Wolves of the Calla - Stephen King

Wolves of the Calla  - Stephen King

Wolves of the Calla was just a slog. Which is not good when The Dark Tower is supposed to be my favourite fantasy series since ever.


The fifth book in a septet, Wolves sees Roland and his ka-tet stumbling across a township in the middle of nowhere. In Calla Bryn Sturgis, vastly more twins are born than singletons. Once a generation, the Wolves come riding out of the east to take children, one child from each set of twins, and send them back months later mentally handicapped and fated to die an early death. When Our Heroes arrive, the Wolves are only a month away, and the gunslingers agree to help the townsfolk take a stand.


There are many, many things wrong with Wolves (not the least of which is its somewhat disturbing attitude towards mental illness), but what most of it boils down to is its length. It's over 700 pages long, yet its story could be told in perhaps half that. There's just too much stuff here: endless conversations about conversations, a whole host of bad dreams, long and rambling tales from irrelevant characters - was it really necessary to spend 200 pages on The History of Donald Callahan, He of 'Salem's Lot? I doubt it. I'm not even entirely sure why King felt the need to do the whole meta thing of putting himself in the story; it doesn't add anything, and it veers dangerously close to self-aggrandizement.


Also, I was more annoyed than intrigued by the constant insertion of pop culture artefacts into the story: snitches, lightsabers and Doctor Doom robots all make very obvious appearances. The pop culture thing worked in The Waste Lands because everything was just on the edge of recognisable: the bass line from a Z. Z. Top song, a bear called Shardik, fragments of T.S. Eliot. They were strange because they were broken, whereas in Wolves things are just lifted whole, and it feels exactly that, like lifting; like King couldn't be bothered to write his own cool stuff so stole someone else's. It all feels too familiar.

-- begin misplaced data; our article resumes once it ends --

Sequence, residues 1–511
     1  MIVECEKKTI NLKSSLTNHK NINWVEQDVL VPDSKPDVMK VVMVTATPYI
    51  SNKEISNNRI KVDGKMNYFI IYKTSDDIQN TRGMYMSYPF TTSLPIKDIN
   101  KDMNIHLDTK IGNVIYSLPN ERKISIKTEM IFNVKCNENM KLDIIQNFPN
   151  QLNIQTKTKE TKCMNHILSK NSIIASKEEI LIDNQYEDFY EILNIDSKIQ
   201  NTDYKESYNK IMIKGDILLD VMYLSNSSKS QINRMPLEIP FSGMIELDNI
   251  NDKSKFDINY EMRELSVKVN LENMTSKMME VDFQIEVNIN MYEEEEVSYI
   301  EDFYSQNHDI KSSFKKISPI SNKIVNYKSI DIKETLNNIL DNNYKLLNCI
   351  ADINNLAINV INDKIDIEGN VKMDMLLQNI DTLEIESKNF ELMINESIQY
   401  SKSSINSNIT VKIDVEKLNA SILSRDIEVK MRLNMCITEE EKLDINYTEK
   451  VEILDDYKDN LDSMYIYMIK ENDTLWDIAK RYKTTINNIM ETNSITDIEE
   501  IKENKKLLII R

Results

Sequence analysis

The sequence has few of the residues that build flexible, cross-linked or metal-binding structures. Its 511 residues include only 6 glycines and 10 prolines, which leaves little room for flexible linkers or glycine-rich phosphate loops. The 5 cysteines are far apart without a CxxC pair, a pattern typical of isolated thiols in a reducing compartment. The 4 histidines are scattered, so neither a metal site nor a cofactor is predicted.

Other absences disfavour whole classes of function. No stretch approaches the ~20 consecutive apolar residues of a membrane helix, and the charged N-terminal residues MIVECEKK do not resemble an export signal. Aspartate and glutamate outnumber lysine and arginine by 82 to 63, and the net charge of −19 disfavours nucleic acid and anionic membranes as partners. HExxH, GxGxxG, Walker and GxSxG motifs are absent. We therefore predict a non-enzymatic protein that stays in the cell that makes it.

And how angry am I at the novel's treatment of Susannah? Very angry. See, it turns out that Susannah is pregnant with the child of the demon she had sex with in The Waste Lands in order to let Jake through the speaking ring. This is Bad News, obviously, because demon, but Roland and Susannah's actual husband Eddie make the terrible decision not to tell Susannah (her pregnancy isn't a human one, so it's not obvious in the usual way, and it's implied that she's repressing the knowledge of it). Also not to let her have an abortion because the Catholic Callahan thinks they're evil. Also they stand around discussing her hips and breasts and how they've got bigger which, I'm sorry, is just fucking creepy when Susannah herself isn't there. UGH. HATED this storyline.


Yeah, I'm not going to be reading Wolves again. How did something so good get so terrible?